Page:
1.MG (the appellant) was sentenced to serve 30 in prison in SO No 22 of 2018 at Voi SRM’s Court for the offence of incest contrary to Section 20 (1) of the Sexual Offences Act1(the Act). The appellant now seeks to quash both the conviction and sentence citing 4 grounds in his Amended Memorandum appeal which can be condensed into 3 grounds, namely; (a) was the charge defective, (b) did the prosecution prove its case to the required standard, and (c) was the appellant alibi defence considered.
2.In determining this appeal, this court has a legal duty to re-analyse, re-evaluate and assess the evidence adduced in the lower court so as to come up with its own conclusions bearing in mind that it did not have the benefit of seeing the witnesses testify.2
3.On the May 11, 2018, PW1 the complainant testified that she was 20 years and in class 8. She recalled that on August 28, 2016 at around 9pm, when her mother had gone to a funeral in Samburu, the appellant came to the house she shared with her 16 year old brother demanding for food. After being informed that his food was in his house, the appellant suddenly grabbed the complainant by her neck, tripped her to the ground. Since the complainant had only covered herself with a leso and had nothing beneath, he pulled aside her leso, removed his trouser using his one hand while warning her not to scream. Thereafter, the appellant caused his penile shaft to penetrate the complainant’s genitalia, and that was the first time she ever had sexual intercourse. The complainant testified that she got pregnant and gave birth on May 13, 2017 at Moi County Referral Hospital subsequently, the child died. However, samples of DNA were taken from the body and it was released for burial.
4.On cross-examination, PW1 confirmed that it was the appellant who is her biological father that forced her to have sex with him and that she did not scream or struggle with the appellant because he had choked her and as a result her brother sleeping in the other room in the house heard nothing. She further confirmed that she did not inform her mother of the incident because of the Appellant’s threats and it is her head master who discovered that she was pregnant.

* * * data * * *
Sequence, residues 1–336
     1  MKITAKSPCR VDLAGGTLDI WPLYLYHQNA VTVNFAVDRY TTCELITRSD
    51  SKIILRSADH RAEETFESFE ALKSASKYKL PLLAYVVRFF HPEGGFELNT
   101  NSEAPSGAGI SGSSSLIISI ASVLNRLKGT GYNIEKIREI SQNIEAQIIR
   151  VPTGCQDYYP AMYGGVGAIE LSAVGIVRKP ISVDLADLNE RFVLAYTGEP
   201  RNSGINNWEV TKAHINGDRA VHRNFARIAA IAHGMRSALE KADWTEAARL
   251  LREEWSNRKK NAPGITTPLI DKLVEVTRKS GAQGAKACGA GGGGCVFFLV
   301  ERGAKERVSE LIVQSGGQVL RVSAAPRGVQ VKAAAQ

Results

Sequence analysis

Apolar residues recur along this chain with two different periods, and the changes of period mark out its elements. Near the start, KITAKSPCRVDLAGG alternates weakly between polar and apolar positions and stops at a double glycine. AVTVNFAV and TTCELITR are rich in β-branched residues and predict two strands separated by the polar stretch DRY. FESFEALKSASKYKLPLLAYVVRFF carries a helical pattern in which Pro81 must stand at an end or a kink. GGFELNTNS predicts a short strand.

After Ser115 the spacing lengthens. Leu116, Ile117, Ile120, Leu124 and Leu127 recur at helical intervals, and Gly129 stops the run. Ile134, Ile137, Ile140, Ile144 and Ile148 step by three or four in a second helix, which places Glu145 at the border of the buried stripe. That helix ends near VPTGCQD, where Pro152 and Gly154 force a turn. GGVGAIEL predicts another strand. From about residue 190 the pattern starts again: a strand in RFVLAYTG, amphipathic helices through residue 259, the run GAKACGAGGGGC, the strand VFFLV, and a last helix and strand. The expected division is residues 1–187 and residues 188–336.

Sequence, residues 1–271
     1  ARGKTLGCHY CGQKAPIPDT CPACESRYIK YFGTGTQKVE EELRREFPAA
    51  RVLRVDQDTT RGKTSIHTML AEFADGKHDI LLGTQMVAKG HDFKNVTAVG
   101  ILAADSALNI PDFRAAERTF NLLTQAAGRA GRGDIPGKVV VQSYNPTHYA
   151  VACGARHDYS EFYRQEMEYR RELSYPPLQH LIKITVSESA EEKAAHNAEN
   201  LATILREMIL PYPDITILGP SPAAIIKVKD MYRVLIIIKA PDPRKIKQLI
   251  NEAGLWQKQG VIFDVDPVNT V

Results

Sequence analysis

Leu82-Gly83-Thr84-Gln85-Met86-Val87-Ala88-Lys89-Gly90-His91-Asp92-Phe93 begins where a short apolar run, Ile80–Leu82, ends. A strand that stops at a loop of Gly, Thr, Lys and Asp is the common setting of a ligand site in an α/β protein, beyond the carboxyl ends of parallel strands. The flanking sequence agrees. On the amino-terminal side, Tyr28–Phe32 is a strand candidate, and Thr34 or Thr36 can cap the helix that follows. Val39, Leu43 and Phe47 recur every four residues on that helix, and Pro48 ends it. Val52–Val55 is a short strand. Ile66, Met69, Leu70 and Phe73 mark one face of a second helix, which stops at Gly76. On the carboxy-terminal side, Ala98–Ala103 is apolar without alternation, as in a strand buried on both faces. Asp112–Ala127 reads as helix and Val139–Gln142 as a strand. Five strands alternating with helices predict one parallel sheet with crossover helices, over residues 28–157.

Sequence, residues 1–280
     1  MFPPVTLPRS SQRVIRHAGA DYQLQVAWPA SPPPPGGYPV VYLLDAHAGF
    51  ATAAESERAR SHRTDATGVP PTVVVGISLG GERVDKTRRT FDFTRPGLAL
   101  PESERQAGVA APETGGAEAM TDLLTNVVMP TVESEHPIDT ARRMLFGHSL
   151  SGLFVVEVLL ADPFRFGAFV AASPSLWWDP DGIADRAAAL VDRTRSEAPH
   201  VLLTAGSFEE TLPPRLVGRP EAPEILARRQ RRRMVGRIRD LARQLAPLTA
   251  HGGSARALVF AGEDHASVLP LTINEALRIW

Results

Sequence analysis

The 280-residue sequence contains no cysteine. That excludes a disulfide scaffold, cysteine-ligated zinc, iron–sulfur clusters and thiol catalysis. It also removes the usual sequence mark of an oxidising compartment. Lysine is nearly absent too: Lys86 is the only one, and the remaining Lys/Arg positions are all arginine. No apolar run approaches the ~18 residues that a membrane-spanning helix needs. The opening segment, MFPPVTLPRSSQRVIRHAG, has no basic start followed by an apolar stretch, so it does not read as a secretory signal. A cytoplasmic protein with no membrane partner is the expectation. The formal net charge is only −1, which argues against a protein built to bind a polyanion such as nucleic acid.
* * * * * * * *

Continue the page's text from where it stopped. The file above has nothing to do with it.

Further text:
5.PW2 John Thuku the Head Master of Buguta Primary School testified and stated that on February 14, 2017 he was informed PW 1 appeared disturbed. Upon interrogating her she was evasive. However, upon further interrogation on February 17, 2017 the complainant opened up and confirmed that she was six months pregnant and that the appellant was responsible for the pregnancy. PW2 thereafter forwarded the matter to the police.
6.On cross-examination PW2 admitted that he first knew the appellant during his arrest and that it was the complainant who informed him the date of the incident and implicated the Appellant as the person responsible for the pregnancy.
7.PW3 CPL Douglas Mwakarabo testified and stated that on February 17, 2017, while at the police station, he met the complainant accompanied by PW2 and a clinical officer from Buguta dispensary. PW2 demanded the arrest of the appellant a person known to him and who it was alleged had impregnated the complainant. He subsequently arrested the appellant on February 18, 2017 at the market.
8.PW4 Kwekwe Govi Chirundi testified and stated that the complainant is her daughter and currently a student at Buguta Primary school, and that presently she lives at her uncle’s place as she is uncomfortable with going home. It is her testimony that in March, 2017, she confronted the complainant on her five months pregnancy but she was evasive on who was responsible. She further stated that the appellant was arrested during the time she had taken the complainant for examination at Buguta dispensary. Later on, on May 13, 2017 the complainant gave birth to a still birth.
9.PW5 Lucy Nyambura a Nurse by occupation at Buguta Health Centre testified and stated that the complainant was brought to her on February 18, 2017 by her mother and a police officer. She conducted a pregnancy test as requested and it turned out positive, she was around 6-7 months.